The former residence of the Marcos family in Batac is now the Marcos Museum, where the former president’s remains lie in state, kept in a class case inside an air-conditioned hall. Five security guards made sure we did not take pictures. I learned from one of them that picture-taking is now prohibited because there have been many instances in the past that pictures of the remains were vandalized and posted in various social media, dressed up like a monster, or with horns on the head, or a big swastika emblazoned on the arm, etc. Sad! I was never a fan of Marcos either but I believe in respecting the dead.

White sand and blue waters at Pagudpud Beach

The house of Doña Josefa Edralin, the former president’s mother, is in Sarrat and I took time to visit it, too, because my guide told me that the PCGG (Presidential Commission on Good Government) had an earth-shaking discovery there after the Marcoses left the country. Five drums of gold coins, supposedly part of the famed Yamashita Treasure, were found in the well at the back of this house. This made me curious and interested… I wanted to check out the well, just in case there were still a few gold coins stuck in some of its crevices. The well is still there, alright, but, alas, it is now completely sealed.

The Sinking Bell Tower in downtown Laoag got me confused. The guide pointed out the door to the tower, with its lower half now underground. I went to take a closer look but couldn’t see any trace of soil erosion or anything that would indicate continuous sinking of the structure into the soil. I decided to leave it at that and proceeded to another popular bell tower, about an hour’s drive from the city. Tagged as the Leaning Tower of Bacarra, it didn’t take long for me to notice that, indeed, it was leaning a little bit to the right.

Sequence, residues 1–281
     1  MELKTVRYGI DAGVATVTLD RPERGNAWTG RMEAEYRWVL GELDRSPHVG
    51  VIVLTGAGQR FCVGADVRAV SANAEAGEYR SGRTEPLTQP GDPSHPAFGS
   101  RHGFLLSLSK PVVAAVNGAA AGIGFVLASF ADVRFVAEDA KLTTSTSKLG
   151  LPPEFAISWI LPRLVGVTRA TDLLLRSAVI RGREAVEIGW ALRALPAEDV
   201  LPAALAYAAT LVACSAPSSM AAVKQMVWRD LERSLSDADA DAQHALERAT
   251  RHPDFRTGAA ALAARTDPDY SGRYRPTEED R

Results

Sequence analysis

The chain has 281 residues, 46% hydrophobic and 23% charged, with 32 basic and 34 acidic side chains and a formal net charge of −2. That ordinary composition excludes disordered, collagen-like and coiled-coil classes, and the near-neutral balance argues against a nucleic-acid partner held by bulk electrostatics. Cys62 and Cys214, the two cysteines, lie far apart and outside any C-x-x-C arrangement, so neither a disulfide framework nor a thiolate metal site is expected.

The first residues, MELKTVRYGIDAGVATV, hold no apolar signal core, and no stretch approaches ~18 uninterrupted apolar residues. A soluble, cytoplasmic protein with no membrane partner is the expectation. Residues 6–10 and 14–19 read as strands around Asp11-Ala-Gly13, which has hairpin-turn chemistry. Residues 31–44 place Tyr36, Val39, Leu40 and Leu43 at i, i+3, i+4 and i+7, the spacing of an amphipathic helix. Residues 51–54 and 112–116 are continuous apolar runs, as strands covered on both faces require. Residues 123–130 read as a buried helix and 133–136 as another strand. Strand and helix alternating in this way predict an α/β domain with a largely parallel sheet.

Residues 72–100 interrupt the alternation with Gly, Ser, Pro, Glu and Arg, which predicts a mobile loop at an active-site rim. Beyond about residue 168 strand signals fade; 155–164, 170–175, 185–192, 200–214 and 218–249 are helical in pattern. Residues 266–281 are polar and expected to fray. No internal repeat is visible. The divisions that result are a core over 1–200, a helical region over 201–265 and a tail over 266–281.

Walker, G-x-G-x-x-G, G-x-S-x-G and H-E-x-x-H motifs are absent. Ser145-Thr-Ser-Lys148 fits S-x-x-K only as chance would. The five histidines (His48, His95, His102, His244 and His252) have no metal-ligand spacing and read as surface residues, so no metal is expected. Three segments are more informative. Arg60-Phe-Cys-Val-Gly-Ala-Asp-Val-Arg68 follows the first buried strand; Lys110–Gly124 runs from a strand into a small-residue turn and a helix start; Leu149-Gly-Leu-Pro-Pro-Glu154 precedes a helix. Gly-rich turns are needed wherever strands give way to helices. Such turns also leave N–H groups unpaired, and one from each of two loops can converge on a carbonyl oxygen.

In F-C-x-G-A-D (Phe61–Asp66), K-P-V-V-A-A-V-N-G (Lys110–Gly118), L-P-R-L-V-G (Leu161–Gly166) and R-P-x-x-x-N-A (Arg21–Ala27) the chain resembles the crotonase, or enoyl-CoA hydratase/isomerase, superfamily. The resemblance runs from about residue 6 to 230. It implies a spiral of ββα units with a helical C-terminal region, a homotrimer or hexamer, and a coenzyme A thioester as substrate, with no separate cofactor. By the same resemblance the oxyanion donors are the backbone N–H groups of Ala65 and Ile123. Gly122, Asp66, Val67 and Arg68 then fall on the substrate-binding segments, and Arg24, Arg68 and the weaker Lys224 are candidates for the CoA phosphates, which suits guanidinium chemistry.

A rear view of Doña Josefa Edralin’s house showing the tubular well that is said to have contained five drums of gold coins, as discovered by the PCGG

We drove all the way to Pagudpud, branded as the Boracay of the North. The white sand beach, the clear blue water, and the cool sea breeze made up for the long drive. On our way back, we passed by the beautiful lighthouse on top of the hill in Burgos, locale for many romantic movies and local telenovelas. But the highlight of that day’s long drive was the Windmills of Bangui, neatly arranged in a row along the seashore… perfect for a postcard-pretty photo op, as shown on this page.

The clean, well-paved, wide, highways of the province made it easy for us to travel long distances. After visiting the province’s tourist attractions, I am convinced that clean, well-paved wide roads is the norm in Ilocos Norte, something that all other provinces should emulate. Even the establishments and houses along the roads are all clean, well-constructed and nicely painted. Any visitor would easily be impressed by such order and cleanliness in the countryside. I have become an instant fan of Governor Imee!

I am happy I made the trip. I discovered many historical and cultural “gems” in that part of our country. But, taking a step back and looking at the bigger picture, I can easily declare that the real “gem” is Gov. Imee Marcos.  Like the Cullinan Diamond, the world’s biggest, she sparkles in the way she runs the province. Ilocos Norte is imbued with a 3000-carat brilliance which mesmerizes first-time visitors like me into wanting to come back for more. In fact, I’m now counting the days until my next visit.



A beggar approaches a woman at the beach with his hands out. “Please, Ma’am,” the poor man pleads, “I haven’t eaten all day.”  “Good,” says the woman. “Now you won’t have to worry about cramps when you go for a swim.”